Shared ex­pe­ri­ences

Look­ing back at the groups Nick has been in­volved in

Pilot - - BEYOND THE PPL -

TUR­BU­LENT As a fairly newly-qual­i­fied pi­lot, I bought a share in a Tur­bu­lent with very high hours and a some­what clapped­out en­gine so my out­lay was min­i­mal. The three mem­bers of the group met ev­ery Satur­day morn­ing, took turns to fly for twenty min­utes, then drove to a nearby Chi­nese restau­rant for lunch. We be­came good friends. I also flew cross-coun­tries in it ev­ery cou­ple of months, once as far as Calais. Af­ter a while, I de­cided it was time to move up to some­thing big­ger, sold my share for more than I paid and bought a Jodel.

PITTS SPE­CIAL I sold two shares in a Pitts as it was get­ting too ex­pen­sive to op­er­ate on my own be­cause of spi­ralling hangar rent. The other two mem­bers were also en­ter­ing aer­o­bat­ics com­pe­ti­tions, so we took it in turns to do the fer­ry­ing, which helped to keep down costs. How­ever, one pi­lot lost an ex­pen­sive crash hat−which we shared−fly­ing up­side down with­out the chin strap se­cured. And there were two other se­ri­ous in­ci­dents: a nose-over that broke the pro­pel­ler; and a start-up ac­ci­dent that put the air­craft on its back, de­stroy­ing the top wing. The new wing and pro­pel­ler weren’t as good as the orig­i­nals. Even­tu­ally, with one mem­ber leav­ing the UK to work abroad, and the other want­ing a two-seat Pitts, the group dis­banded and G-AZPH was sold at a loss.

PITTS NO2, THEN LASER Three of us clubbed to­gether to buy a souped-up, one-off, Pitts Spe­cial (G-BKDR) from an­other syn­di­cate, which was mov­ing up to a Lazer mono­plane. We took it in turns to fly with a trainer watch­ing be­low and soon dis­cov­ered that ’DR was a con­test win­ner. We en­tered sev­eral in the UK and some on the Con­ti­nent (Bel­gium and Hol­land) and all moved up the com­pe­ti­tion lad­der. The air­craft was fast, re­li­able and a de­light to fly, but it was rapidly be­ing out­classed by mono­planes, so we sold it for what we had paid and bought an­other air­craft−the Laser−from the same syn­di­cate that had sold us the Pitts. They were mov­ing up to a Su 26. The Laser had a lot wrong with it and two of us worked hard to fix it be­fore we all set­tled down to hard prac­tice. It was an ex­tremely worth­while group, but even­tu­ally came to an end and we sold the air­craft for roughly what we had paid for it.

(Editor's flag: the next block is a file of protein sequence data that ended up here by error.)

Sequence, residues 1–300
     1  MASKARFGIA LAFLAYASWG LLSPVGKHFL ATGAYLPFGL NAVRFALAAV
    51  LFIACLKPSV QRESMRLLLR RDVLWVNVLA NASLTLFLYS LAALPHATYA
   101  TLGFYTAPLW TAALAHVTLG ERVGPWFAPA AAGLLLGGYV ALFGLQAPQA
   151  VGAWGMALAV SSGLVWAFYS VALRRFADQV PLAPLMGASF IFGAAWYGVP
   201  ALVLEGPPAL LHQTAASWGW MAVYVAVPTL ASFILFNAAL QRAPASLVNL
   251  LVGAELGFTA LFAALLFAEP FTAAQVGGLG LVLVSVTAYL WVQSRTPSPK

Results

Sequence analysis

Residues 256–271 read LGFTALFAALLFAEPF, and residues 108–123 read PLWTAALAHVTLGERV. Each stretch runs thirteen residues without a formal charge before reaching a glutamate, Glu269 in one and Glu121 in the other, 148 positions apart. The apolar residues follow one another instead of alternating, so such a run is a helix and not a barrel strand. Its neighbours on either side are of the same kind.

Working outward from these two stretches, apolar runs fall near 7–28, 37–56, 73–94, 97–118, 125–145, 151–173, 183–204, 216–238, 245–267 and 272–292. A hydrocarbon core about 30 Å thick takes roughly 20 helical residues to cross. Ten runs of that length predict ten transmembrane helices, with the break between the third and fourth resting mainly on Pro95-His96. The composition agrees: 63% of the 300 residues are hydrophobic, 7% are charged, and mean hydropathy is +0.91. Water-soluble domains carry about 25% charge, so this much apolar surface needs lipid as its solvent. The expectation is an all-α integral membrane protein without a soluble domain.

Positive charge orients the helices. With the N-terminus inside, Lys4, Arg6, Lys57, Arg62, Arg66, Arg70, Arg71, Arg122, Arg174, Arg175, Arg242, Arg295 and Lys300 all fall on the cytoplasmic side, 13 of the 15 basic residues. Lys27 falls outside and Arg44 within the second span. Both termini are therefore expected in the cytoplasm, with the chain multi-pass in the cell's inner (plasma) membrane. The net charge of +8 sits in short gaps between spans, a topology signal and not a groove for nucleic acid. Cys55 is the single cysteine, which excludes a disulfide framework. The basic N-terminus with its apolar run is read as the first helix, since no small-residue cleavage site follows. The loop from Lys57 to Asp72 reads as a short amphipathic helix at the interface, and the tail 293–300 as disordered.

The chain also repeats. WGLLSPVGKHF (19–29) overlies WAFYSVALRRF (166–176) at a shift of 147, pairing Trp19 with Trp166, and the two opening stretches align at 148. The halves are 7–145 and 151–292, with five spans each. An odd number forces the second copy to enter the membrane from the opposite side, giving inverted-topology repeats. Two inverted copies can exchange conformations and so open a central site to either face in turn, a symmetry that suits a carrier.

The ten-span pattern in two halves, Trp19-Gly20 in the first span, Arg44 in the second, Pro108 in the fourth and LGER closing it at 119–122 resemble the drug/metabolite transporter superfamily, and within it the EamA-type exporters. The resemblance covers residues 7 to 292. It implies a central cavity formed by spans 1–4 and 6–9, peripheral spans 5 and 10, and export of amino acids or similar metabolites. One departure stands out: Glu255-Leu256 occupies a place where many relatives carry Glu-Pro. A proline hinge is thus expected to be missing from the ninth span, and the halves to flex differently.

STAMPE My Stampe was a bat­tered, oily old thing, ex­pen­sive to op­er­ate from the start, but af­ter a re­build I even­tu­ally met my goal of win­ning the In­ter­me­di­ate Na­tion­als in it. The main­te­nance bills kept mount­ing though and I couldn’t jus­tify pay­ing them alone, so thought it might be fun to op­er­ate the Stampe as a group aero­plane. I ad­ver­tised and soon sold three shares, keep­ing a quar­ter of the aero­plane. You might won­der why main­te­nance was so costly: the Stampe was de­signed as a mil­i­tary trainer on the as­sump­tion that there would be lots of spares and labour on hand to keep it go­ing, and it had ac­cu­mu­lated a lot of labour-in­ten­sive Air­wor­thi­ness Di­rec­tives.

How­ever, the three new own­ers were in­ex­pe­ri­enced with old bi­planes and in­clined to be rough with the con­trols; they also failed to mas­ter land­ing at the farm strip where the aero­plane was kept, so I ended up fer­ry­ing them around. It al­ways seemed to be me who wiped the oil off the belly af­ter­wards and one mem­ber was slow in pay­ing his bills. I even­tu­ally per­suaded the oth­ers to buy me out. Fi­nally, the re­main­ing own­ers de­cided that they had had enough of large bills and asked me to sell the Stampe for them. It sold for two-thirds its worth and I worked out later that the three mem­bers who bought into the Stampe ended up pay­ing (fixed and run­ning costs) a quar­ter to a third more than it would have cost them to hire one with an in­struc­tor for the same num­ber of hours.

In con­clu­sion, group own­er­ship isn’t for ev­ery­one and there are pit­falls, but it’s less risky than sole own­er­ship and it opens up a whole new world of avi­a­tion. For a newly qual­i­fied PPL, it’s an av­enue well worth ex­plor­ing.

Group own­er­ship will for many pi­lots be the only way to se­cure af­ford­able fly­ing in com­plex types

To­day ’PD flies on in White­man ju­nior’s sole own­er­ship

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